The American Power Act "would cut our dependence on oil in half."
VoteVets.org on Wednesday, May 26th, 2010 in a TV ad
VoteVets.org claims cap and trade bill would halve oil consumption
A recent TV ad from the left-leaning VoteVets.org, which represents American veterans, takes a circuitous route to its real agenda: a plug for the American Power Act, the latest version of the cap-and-trade bill introduced on May 12, 2010, by Sens. John Kerry, D-Mass., and Joe Lieberman, I-Conn.
The ad begins with nasty images from the oil gusher in the Gulf of Mexico.
Then we are introduced to Evan Wolf, a Louisiana National Guardsman who was assigned to Gulf Coast clean up.
"When I signed on to the National Guard, I did it to help protect Americans from our enemies, like in the Persian Gulf, not to clean up an oil company's mess here in the Gulf of Mexico," Wolf says.
He holds up a freezer bag filled with a murky goop.
"We'll do whatever mission we're given and do it well," Wolf says. "But America needs a new mission. Because whether it's deep drilling oil out here, or spending a billion dollars a day on oil from our enemies overseas, our dependence on oil is threatening our national security.
"Thing is, a clean American energy plan would cut our dependence on oil in half. It's more power for America, made here in America. Putting our people to work using all the resources we have."
We then get images of solar and wind farms.
"Some folks in Washington say now is not the time to clean American power," Wolf says, and then dabs at oil staining a Louisiana beach. "I've gotta ask -- if not now … when?"
By way of background, Wolf was a Democratic candidate for the Louisiana House in 2007. He lost, but a Democratic National Committee web page suggests he's at least mulling another run.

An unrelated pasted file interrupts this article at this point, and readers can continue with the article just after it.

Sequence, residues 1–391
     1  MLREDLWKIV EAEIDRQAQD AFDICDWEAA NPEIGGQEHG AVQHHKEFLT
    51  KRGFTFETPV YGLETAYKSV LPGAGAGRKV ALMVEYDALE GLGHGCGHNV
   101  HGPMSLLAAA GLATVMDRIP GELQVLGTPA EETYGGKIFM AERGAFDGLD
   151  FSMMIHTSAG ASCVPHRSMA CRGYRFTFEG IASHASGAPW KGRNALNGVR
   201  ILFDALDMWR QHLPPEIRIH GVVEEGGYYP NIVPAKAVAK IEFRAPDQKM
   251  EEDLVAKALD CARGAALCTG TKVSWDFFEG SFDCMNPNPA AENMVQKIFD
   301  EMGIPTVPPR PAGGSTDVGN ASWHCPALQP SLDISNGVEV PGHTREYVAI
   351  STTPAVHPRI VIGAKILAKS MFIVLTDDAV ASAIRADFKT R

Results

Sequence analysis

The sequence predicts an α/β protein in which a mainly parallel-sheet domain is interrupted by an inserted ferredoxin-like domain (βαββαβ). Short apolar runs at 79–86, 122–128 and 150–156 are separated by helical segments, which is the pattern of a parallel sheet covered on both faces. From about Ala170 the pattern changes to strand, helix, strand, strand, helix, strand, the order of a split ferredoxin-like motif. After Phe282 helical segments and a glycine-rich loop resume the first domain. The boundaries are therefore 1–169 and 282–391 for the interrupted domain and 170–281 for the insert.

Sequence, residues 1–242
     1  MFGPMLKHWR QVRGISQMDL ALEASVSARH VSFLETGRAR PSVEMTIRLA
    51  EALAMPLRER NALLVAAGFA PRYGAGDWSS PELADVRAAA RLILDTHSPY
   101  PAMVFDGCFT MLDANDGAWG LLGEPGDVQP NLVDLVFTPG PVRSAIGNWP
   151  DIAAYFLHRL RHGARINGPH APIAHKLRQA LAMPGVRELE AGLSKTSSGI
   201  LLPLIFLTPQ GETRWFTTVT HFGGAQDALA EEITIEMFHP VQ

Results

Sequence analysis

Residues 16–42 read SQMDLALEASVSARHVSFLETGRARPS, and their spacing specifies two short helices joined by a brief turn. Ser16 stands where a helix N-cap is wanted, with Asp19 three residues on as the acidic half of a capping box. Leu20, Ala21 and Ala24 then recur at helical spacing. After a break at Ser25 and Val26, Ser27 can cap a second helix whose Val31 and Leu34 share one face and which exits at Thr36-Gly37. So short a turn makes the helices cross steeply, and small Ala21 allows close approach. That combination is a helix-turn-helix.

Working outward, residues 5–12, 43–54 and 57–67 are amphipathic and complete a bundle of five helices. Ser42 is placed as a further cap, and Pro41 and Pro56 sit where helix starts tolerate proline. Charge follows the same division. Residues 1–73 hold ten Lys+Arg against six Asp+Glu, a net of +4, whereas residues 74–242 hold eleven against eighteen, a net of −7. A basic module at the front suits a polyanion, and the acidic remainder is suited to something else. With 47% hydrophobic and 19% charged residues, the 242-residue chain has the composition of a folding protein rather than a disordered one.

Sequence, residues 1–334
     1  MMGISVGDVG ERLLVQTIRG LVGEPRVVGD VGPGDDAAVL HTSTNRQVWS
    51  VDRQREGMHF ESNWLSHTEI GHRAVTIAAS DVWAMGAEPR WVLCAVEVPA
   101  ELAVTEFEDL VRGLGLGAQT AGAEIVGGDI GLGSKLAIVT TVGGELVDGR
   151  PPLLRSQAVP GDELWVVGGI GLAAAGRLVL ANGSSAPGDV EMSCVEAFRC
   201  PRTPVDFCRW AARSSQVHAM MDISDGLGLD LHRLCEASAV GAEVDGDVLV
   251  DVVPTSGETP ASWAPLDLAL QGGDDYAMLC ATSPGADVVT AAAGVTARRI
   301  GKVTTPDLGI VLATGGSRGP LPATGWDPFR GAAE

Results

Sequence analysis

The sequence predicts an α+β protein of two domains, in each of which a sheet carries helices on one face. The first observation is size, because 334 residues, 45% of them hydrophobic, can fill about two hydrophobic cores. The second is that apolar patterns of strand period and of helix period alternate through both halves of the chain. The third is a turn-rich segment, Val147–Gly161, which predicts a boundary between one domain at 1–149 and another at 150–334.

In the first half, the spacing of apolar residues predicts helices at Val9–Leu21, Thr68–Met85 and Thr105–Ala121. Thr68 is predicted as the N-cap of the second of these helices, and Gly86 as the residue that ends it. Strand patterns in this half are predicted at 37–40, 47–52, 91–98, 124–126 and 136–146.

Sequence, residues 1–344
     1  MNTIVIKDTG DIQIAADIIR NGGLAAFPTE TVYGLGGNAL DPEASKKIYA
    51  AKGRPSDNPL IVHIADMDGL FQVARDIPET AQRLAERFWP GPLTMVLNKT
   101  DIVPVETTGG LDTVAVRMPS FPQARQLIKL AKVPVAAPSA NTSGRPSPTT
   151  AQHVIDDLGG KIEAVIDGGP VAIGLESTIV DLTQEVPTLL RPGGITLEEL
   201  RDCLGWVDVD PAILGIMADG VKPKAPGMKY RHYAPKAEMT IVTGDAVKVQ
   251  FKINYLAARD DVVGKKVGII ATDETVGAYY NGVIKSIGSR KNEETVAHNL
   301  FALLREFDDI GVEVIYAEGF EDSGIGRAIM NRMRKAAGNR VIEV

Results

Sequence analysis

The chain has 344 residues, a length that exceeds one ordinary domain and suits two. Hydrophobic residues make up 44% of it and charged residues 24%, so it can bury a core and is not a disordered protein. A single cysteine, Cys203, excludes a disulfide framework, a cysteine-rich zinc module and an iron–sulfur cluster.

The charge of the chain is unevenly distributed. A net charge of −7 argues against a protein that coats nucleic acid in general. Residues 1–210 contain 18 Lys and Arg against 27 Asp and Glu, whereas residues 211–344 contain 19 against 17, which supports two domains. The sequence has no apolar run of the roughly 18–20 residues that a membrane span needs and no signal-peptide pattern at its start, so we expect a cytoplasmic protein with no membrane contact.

VoteVets explained that the ad is advocating for the American Power Act, and that it is that bill that "would cut our dependence on oil in half." That's the claim we are checking here.
The American Power Act is the latest version of the cap and trade bill that aims to reduce greenhouse gas emissions. Obama put in a plug for the bill in a speech on June 2, 2010, in Pittsburgh. "The time has come, once and for all, for this nation to fully embrace a clean energy future," Obama said, and vowed it would become an administration priority. "The votes may not be there right now, but I intend to find them in the coming months," Obama said.
VoteVets backs up the ad's claim that the American Power Act would "cut our dependence on oil in half" by citing a 2009 analysis from the National Resources Defense Council of the American Clean Energy and Security Act of 2009, which was passed by the House on June 26, 2009. The bill sought to reduce greenhouse gas emissions through a variety of market-based (cap-and-trade) mechanisms, incentives for energy efficiency and the development of clean energy.
The Council's report on the House bill last year concluded that if the bill passed, America's dependence on foreign oil would be cut in half by 2050. But the same report projected that while oil imports would be halved, overall oil consumption would drop by about 12 percent between 2010 and 2050 (from 17.1 million barrels per day to 15 million barrels per day in 2050).